Custom ignition/alarm/immobolizer system
OK this all started from my intent to (1) provide stable 12V power source to car PC electronics, even when cranking, and (2) secure the car as much as possible from theft. Well it's gotten a little bigger, let me know what you think! I've almost got a Computer Science degree /w emphasis on embedded systems, and I've been programming for years... so I'm confident I can handle it (just a matter of time).
1. A lot of people like to put a relay or switch on the line to the fuel pump. What a great idea, except if I find your switch you are defeated. (OK maybe unlikely, but I like a challenge). My idea is put relays on multiple lines (fuel pump, ignition, crank, injectors). Obviously this has to be kept somewhat within reason due to power consumption of closed relays, but you get the point. The key point here is that I will put the relay on a small PCB along with a tiny microcontroller (remember that this is all *at the location of the relay*). The microcontroller will *only* close the relay whenever it receives the right password via 2-wire serial protocol. Thus, we have a (hopefully) secure relay that cannot be bypassed by poking around with the control wires. (E.g. suppose the thief found the "brain" of my security system - he can't just then connect each relay wire to GND or 12V and expect to close any relays). But of course there's a limit: closed relays take ~170 mA current and you don't want to suck down 2A of your electrical system just from relays!
2. Continuing with #1: if you are trying to cut off a wire that carries < 1 A of current, it is easy to cut it off using solid state (e.g. analog switch, transistor). Still use the same microcontroller scheme as #1 though. So for example, you could use it to turn off critical sensors to the ECM (e.g. MAP, crankshaft position I have been told by a couple people can be turned off without engine damage - please correct me if wrong!) Also the ECM controls some relays (e.g. main relay) - these control wires could be disabled through solid state switches as well. The nice thing is that it could all fit on a small PCB and be well-hidden inside the ECM box - only the two data wires would come out of the ECM - nobody will suspect that, right? Only way to bypass that is disassemble the ECM I would think.
3. The secure relays/switches described above will feed into a power and ignition controller/monitor board. Will have the following features/setup:
(a) Note that this board will be powered off a small 12V rechargable battery (lest the thief disconnect the main car battery).
(b) The existing ignition key wiring of the car will be ripped out (along with the steering wheel lock - unless somebody has a brilliant idea here how to retain it safely). The ignition key will instead function as an input switch to the microcontroller.
(c) The microcontroller will then close the appropriate secure relays to start the car. It will also open/close a relay to the tank battery that runs the car PC, to ensure that the main car battery does not go dead charging the tank (e.g. car PC does not shut off properly). This will all be triggered by the ignition key switch above, or by an external I/O source (e.g. the security module).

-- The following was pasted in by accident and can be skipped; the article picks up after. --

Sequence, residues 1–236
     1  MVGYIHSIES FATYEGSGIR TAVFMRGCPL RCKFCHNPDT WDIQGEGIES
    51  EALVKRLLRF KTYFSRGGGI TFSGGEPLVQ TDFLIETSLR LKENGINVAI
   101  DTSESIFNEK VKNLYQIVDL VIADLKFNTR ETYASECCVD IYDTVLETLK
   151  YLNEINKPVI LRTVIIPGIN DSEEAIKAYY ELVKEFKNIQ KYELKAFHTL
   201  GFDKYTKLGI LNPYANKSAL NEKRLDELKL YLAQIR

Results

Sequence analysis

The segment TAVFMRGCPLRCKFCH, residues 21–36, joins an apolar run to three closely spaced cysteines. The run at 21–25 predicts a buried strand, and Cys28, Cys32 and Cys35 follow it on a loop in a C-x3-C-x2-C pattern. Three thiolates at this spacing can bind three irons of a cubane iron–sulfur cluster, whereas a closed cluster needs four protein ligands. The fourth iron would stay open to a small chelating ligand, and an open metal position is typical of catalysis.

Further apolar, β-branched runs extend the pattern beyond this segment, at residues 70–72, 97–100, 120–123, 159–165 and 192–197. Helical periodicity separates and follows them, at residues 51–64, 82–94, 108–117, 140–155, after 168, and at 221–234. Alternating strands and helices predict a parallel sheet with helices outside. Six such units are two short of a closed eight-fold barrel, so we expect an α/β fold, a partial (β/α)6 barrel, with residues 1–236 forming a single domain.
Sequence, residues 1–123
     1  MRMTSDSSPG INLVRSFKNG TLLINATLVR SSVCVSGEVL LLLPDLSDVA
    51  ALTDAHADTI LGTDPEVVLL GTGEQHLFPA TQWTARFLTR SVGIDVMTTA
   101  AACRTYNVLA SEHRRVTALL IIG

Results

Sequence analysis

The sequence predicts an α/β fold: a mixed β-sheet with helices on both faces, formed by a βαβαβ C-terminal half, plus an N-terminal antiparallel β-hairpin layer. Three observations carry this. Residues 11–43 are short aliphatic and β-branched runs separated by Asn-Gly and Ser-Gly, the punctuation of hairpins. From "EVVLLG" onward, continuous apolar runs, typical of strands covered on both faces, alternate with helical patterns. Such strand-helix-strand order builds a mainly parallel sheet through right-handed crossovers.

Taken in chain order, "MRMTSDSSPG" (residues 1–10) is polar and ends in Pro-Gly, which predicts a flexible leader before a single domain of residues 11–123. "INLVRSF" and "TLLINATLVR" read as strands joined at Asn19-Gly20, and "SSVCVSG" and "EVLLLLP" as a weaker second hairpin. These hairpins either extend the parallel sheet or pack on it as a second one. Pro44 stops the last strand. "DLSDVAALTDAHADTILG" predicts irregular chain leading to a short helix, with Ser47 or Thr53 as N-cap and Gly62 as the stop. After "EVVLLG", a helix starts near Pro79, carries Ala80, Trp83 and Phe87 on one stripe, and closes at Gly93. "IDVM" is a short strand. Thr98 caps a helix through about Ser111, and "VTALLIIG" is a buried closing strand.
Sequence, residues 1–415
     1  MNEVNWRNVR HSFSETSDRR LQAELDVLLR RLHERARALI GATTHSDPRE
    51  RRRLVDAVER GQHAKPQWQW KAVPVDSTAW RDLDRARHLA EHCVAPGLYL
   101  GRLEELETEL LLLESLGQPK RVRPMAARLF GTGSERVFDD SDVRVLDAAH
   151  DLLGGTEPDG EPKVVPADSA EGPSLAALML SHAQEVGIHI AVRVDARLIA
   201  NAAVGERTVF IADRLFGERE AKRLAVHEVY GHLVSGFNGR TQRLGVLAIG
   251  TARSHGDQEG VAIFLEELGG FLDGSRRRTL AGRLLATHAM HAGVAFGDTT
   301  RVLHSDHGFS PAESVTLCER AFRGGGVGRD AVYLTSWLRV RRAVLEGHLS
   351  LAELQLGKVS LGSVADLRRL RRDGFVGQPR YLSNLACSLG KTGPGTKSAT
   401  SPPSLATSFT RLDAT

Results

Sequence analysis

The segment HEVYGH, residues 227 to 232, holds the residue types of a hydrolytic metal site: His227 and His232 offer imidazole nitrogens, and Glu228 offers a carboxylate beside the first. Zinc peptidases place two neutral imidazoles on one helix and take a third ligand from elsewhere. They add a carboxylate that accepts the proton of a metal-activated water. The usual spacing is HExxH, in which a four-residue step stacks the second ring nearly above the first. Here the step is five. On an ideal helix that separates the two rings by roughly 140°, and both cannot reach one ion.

(d) Microcontroller will have a few external voltage sense pins to monitor the voltage on the main electrical system, its own backup battery, and the car PC tank battery.
(e) Microcontroller will have plugs for hooking up external ammeters, which will monitor current flowing through (1) primary car battery, (2) alternator, (3) car PC tank battery, (4) anything else I feel like monitoring.
(f) Microcontroller will have a couple external pins which will "press" the power button on one or more car PCs to turn them on.
(g) Microcontroller will have a USB connection. It will look like a standard ACPI-compliant battery - so your Windows box will show the standard "plugged in" power icon when the car is on, and an "on battery" icon with appropriate percentage when car is off (and critically, you can set a 1 minute "hibernate" timeout if the PC goes on battery - this handles the shutdown problem). Additionally the voltage/current sensors can be read through the USB, for example for a PC-based heads-up display. Note that USB will tell you if the car is on/off, but won't allow the PC to actually start/stop the car.
4. Eventually I'll make a separate security module to replace the ignition key completely. This module will communicate with the above power module and have:
(a) keypad and LCD for inputting a PIN number to start the car - this replaces the ignition key completely (e.g. I could throw away my key). Another keypad will be hooked up, which will be mounted on door handles.
(b) port for GPS, to track vehicle position (GPS will have dead-reckoning in case signal goes bad).
(c) port for dedicated prepaid cell phone, to send text message if alarm goes off, and send GPS coordinates (that's going to be my alarm's pager!).
(d) microphone and hookup to car amplifier, to communicate with thief via cell phone (or just listen to his activities)
(e) an array of theft-sensors (accelerometer, glass, door, hood, trunk, motion)
(g) get the car PC going to start some security cameras (recorded into a CompactFlash card hidden deep within car - think of it as a black box).
(h) USB port to read any data that is logged - e.g. a record of alarms going off, which sensors were tampered with, etc.
OK sure this is overkill for a 97 Civic. :D But it will be fun. What do you guys think?